Trend Alert: Frills and Ruffles for Fall

Runway fashion is often a great predictor of what we’ll see come into style four to six months down the line. Designers launched their collections for autumn and winter 2017 during January and February, leaving us fashion enthusiasts plenty of time to predict which trends will be the biggest in fall fashion. Among lampshading, metallic footwear, and oversized sweaters, frills and ruffles donned more designs than I’ve ever seen before. Does that mean we’ll see more girlie details on street style starlets next season? Only time will tell.

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All rights reserved by Zimmermann

At New York Fashion Week, Zimmermann dropped this collection of super girlie and frilly statement pieces. Not only are these details super-feminine, but they’re chock full of texture and often layered – perfect for fall.

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This collection is great because it borrows on some of the biggest trends in street style without straying from the brand. Vintage vibes were big during fashion month; even if they weren’t completely decade-inspired, most of the collections I saw during fashion month were righteously retro. In addition, millennial pink was big for Spring 2017; this trend shows no signs of slowing down.

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Even the all-black-everything looks are girlie and frilly. I wouldn’t exactly consider myself a girlie girl, but I’d gladly swap my entire fall wardrobe for this collection.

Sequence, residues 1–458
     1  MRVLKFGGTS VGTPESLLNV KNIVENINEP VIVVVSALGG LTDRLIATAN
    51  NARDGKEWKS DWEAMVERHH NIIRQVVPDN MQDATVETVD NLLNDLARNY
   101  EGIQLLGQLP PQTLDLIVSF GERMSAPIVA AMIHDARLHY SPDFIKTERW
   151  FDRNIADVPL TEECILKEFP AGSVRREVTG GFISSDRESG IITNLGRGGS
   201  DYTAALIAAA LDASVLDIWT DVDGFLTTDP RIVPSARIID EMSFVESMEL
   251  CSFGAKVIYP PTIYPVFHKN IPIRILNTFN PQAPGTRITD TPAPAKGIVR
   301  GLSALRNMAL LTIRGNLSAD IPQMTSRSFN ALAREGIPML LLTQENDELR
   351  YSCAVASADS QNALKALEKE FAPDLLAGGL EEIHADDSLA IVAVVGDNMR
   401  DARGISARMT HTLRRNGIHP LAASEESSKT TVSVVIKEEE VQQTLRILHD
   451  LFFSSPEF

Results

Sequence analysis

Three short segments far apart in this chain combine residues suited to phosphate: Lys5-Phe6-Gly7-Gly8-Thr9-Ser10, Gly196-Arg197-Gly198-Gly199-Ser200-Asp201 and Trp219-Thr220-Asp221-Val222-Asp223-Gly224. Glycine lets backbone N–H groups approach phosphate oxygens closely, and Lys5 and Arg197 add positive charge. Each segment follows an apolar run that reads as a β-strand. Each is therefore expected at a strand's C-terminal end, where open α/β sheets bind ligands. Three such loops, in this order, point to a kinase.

sea
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Sea are known for delivering vintage vibes as well as super girlie and frilly dresses, but this season, they took a risk by unveiling a pantsuit or two. If this doesn’t prove the pantsuit trend is real, I don’t know what does. Although it might seem like we’re further away from our first female president than ever, a certain candidate’s signature style has become inaugural to the fashion industry.

The pantsuit is not such a good thing for feminism or for women in general. You might have heard the feminist theory that pants equate power to masculinity, but the real issue here is more complicated. In my opinion, heteronormative women in globalized nations actually have a huge advantage when it comes to aesthetics and dress. Society is generally much more forgiving to girls and women for experimenting with their personal styles. For men, however, it’s a major societal taboo to wear anything other than pants or shorts – and God forbid they wear makeup. It’s great that women can wear pants without fear of social ridicule, but it’s even greater that we can express ourselves with dress. This freedom should not be taken for granted because not every woman in every part of the world experiences it; especially women in parts of the world that are excluded from globalization, and non-cisgendered women.